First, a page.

Johnson was hampered by injuries during the first three years of his college career. It put him at the bottom of a depth chart that would have likely forgotten him if not for a coaching change. When Shane Beamer and company arrived in Columbia before the 2021 season, Johnson saw his best chance to break out of purgatory.

"If you were to ask me probably like three years ago, I probably wouldn't think I'd be here. Based on one decision, I probably wouldn't even be here at this draft.

"It was back during COVID. COVID was a hard time. I felt like I wasn't going to get the opportunity I should've gotten with past injuries… you'll be at the bottom of the depth chart; your coaches don't necessarily want to invest time in the guy.

"So, when you're at the bottom, you got to work your way back out to the top, and that's what I did. I grinded it out…When the new coaching staff came in, just grind it out, it helped put me in that position; when the new coaching staff came in, just ground out, and it helped me put myself in the position that I was in today."

Tyreek Johnson

Johnson's best game as a Gamecock came against Texas A&M this past season when he had seven tackles. A blocked field goal against Florida added to his season. At 6-3, 270 pounds, he can afford to add some weight, but his frame excites scouts, who see him as both a potential rusher and interior tackle.

"Most of the time they say they want to see me at 280 (pounds) so I can be able to play D-end and D-tackle. They see me playing both as sort of a hybrid, and I'm fine with that. I'm perfectly fine with that," Johnson explained.

"I basically kind of did it here. We had scheme-wise that I was going to play a 3-technique, but we didn't really run it in a game. I played a lot of 4i this season and a lot of 6i. Playing the 3-tech, to me, ain't no different than playing the 4i."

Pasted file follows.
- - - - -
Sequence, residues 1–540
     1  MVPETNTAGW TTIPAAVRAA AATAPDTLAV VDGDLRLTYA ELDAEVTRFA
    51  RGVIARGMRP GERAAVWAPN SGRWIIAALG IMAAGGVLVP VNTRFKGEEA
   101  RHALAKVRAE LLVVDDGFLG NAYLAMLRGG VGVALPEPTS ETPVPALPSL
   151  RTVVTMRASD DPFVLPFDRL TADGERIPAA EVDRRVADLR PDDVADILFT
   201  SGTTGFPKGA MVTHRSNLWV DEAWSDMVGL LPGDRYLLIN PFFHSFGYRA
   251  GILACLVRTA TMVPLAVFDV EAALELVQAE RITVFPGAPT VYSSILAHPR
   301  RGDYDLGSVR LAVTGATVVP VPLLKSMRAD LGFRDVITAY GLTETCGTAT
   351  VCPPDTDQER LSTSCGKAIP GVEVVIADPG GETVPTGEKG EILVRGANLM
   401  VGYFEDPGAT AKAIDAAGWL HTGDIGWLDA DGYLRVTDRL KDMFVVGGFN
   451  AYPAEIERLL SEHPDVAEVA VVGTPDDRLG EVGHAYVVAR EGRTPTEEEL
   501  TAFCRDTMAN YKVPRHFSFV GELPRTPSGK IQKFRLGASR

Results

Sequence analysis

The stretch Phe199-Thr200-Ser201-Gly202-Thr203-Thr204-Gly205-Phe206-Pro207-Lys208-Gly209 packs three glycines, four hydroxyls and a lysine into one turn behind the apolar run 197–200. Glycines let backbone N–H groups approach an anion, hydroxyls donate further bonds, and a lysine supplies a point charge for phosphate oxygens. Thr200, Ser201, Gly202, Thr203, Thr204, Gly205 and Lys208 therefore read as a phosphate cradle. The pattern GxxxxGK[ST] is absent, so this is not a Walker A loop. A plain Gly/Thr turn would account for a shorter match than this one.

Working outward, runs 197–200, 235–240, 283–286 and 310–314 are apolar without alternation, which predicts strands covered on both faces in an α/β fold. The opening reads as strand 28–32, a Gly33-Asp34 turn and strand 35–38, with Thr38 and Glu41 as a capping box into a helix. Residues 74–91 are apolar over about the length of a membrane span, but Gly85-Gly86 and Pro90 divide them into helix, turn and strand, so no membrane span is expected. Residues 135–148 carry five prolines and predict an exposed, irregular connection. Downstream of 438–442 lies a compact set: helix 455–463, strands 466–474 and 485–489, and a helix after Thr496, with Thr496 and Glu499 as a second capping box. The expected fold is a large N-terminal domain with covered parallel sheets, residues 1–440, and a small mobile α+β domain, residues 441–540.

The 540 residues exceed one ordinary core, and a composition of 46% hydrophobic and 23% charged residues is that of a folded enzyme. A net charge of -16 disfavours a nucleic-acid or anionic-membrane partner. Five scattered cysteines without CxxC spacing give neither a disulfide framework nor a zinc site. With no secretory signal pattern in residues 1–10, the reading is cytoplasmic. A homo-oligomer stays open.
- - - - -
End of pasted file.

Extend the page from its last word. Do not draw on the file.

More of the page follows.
Tuesday was also an opportunity for a prospect like Miller to remind NFL teams what he can provide when given the chance to step on the field. A native of Rockingham, NC, about 70 miles east of Charlotte, Miller originally attended Columbia University. When he decided to spend his graduate student years closer to home, the Ivy League's COVID rules caused him to lose a year of eligibility. His NCAA appeal was denied, meaning he hasn't played in a competitive game, other than an All-Star game, since 2021.

Miller told reporters on Tuesday that some scouts clocked his unofficial 40-time around 4.27 seconds. If that time holds—or is anywhere close—it'll be enough to springboard him onto draft boards around the league.

"I can play receiver, play, running back, kick-off, returner on special teams. And there's not a lot of guys who are faster and stronger," Miller said. "I don't say that to chip anybody else, but it's just the mindset I have to go with now.

"I wanted to show that I can run efficient routes, do things under control. That was the biggest thing for me today. Make sure I did everything under control, catch balls, look at it and tuck the ball, understand the route schemes. So, I think I demonstrated that."

The NFL draft is still well over a month away, but the process is speeding up now that Pro Day's have kicked off. For those in Columbia, though, the hard part is over, and the fun is just beginning.